By Andrew Parkin

I recently had the privilege of travelling to the other side of the world to visit some of our international offices. The main purpose of the trip was to spend time with Chris Field, our recently-appointed head of Acoustics for Australia, in Sydney, but while I was in the area, I also planned to spend time in our Hong Kong and Singapore offices. All in 10 days, so I could get back to the UK in time for an awards ceremony (and it’s a good job I did, as we won the award and I had to collect it!).

Having never been further east than Cyprus (4 hours by plane), the prospect of flying to Sydney (20+ hours) was somewhat daunting. However, with the assistance of a travel agent (to book flights) and in-house support (to book hotels), an itinerary was soon drawn up, flights and hotels booked and there was no going back.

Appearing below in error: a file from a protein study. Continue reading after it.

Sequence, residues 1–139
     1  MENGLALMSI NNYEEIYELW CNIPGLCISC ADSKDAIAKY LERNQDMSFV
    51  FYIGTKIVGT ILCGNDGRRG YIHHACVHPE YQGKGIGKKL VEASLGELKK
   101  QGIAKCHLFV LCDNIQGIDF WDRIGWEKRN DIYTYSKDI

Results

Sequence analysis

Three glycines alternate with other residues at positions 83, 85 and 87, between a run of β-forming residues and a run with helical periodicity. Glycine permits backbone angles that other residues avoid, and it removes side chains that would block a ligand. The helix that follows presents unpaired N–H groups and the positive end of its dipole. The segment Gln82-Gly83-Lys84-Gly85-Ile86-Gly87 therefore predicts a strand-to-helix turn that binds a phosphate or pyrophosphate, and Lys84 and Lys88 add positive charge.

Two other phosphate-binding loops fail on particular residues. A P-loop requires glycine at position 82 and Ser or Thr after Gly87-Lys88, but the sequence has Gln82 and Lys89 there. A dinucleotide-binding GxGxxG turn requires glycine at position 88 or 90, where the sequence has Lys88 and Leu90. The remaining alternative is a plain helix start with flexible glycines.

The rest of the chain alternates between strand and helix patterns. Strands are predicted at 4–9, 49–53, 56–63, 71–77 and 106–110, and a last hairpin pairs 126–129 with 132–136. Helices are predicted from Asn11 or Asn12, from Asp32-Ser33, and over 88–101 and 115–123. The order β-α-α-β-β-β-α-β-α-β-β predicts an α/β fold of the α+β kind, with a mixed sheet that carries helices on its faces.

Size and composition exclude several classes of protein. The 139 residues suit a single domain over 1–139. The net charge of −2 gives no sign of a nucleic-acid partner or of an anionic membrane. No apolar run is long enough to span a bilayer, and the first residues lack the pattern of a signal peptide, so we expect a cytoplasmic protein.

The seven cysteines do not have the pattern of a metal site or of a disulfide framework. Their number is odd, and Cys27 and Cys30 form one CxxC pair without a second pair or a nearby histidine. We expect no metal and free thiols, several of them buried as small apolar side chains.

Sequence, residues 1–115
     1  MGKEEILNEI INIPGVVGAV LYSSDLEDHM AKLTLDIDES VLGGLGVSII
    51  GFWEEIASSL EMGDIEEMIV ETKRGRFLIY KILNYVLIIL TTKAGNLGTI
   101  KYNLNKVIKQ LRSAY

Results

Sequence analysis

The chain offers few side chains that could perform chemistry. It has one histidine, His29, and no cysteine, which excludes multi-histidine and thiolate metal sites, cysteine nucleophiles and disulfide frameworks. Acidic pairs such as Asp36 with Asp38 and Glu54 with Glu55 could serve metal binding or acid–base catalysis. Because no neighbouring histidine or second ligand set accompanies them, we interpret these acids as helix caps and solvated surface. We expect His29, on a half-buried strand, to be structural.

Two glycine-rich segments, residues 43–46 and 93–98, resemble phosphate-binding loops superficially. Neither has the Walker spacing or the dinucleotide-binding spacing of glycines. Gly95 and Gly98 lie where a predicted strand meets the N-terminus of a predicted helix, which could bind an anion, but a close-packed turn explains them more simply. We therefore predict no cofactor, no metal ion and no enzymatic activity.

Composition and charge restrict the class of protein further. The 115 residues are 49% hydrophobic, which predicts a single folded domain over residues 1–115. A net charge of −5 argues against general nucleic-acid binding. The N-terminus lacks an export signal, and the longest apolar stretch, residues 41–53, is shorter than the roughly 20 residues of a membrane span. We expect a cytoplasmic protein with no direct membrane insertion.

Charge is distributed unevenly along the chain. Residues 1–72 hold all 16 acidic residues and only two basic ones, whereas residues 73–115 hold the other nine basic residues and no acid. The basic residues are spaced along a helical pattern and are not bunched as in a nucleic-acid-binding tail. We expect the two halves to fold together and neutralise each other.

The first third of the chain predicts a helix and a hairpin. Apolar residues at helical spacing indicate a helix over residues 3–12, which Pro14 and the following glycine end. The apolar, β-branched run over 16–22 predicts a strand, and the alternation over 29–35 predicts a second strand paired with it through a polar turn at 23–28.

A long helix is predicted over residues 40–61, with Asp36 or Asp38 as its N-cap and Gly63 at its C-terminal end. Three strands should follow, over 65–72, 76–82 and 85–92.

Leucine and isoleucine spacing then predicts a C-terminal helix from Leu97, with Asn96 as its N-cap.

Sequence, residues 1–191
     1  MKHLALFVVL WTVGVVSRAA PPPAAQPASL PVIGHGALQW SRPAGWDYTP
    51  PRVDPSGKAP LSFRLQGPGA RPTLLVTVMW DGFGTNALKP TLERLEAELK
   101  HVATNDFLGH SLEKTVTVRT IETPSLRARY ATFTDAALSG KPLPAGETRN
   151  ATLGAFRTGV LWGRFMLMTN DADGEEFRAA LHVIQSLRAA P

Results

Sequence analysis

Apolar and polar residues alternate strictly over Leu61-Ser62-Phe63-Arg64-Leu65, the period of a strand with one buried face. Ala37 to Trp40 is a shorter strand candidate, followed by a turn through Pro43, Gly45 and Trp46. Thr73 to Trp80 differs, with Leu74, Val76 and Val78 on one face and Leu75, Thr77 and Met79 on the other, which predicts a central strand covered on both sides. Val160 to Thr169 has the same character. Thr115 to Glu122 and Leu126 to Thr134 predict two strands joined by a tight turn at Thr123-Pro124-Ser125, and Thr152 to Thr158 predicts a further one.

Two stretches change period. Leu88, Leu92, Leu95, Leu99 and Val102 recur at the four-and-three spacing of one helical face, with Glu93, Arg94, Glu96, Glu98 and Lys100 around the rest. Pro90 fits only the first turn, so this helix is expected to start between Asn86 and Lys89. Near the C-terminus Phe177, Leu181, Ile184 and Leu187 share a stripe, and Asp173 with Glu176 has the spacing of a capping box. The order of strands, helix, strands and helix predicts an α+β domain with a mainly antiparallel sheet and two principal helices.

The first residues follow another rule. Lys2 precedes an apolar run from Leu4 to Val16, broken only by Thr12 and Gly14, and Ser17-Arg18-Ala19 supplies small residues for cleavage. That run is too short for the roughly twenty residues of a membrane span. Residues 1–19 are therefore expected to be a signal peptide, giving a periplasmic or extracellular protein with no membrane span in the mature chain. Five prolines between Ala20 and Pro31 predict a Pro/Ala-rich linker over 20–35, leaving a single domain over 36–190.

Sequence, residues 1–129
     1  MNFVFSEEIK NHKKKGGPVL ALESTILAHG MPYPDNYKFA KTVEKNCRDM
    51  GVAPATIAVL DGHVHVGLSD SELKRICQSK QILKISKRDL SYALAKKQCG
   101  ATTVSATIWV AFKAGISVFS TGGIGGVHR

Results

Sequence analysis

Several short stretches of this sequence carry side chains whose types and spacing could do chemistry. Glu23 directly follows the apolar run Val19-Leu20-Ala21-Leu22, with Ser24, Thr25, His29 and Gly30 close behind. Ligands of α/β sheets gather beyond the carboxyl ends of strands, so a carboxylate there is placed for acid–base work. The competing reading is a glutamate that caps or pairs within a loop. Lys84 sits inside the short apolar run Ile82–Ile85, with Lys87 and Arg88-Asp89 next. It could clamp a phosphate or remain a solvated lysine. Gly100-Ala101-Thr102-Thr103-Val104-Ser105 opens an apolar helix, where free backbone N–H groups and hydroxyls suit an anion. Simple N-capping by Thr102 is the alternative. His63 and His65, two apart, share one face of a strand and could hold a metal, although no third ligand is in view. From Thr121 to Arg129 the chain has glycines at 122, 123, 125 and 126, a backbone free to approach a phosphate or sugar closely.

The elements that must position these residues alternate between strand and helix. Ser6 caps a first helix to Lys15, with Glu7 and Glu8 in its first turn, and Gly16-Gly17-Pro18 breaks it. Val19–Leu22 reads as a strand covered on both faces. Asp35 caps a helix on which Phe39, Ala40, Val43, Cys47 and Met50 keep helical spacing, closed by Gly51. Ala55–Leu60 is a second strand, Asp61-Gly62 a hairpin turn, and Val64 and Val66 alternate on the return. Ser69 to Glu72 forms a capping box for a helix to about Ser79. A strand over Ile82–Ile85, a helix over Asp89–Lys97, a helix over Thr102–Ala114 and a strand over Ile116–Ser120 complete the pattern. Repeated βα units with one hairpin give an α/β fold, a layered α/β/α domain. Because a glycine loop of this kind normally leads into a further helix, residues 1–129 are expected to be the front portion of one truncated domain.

Foreign travel seems a very romantic concept to those who have only limited experience of it, or who travel abroad with friends and family for leisure. The reality of lone business travel, though, is quite different. Days and nights away from the family back home, hours upon hours of flights, gruelling time zone changes and the dawning reality that it’s not possible to just ‘pop back home’ as you’re half a world away, is a much more brutal reality. I know several people who spend much of their professional life jetting around the world, to seemingly exotic locations, but I can now better sympathise with their Facebook posts saying that they’d rather be home in rainy Birmingham than in the sunshine somewhere in Asia.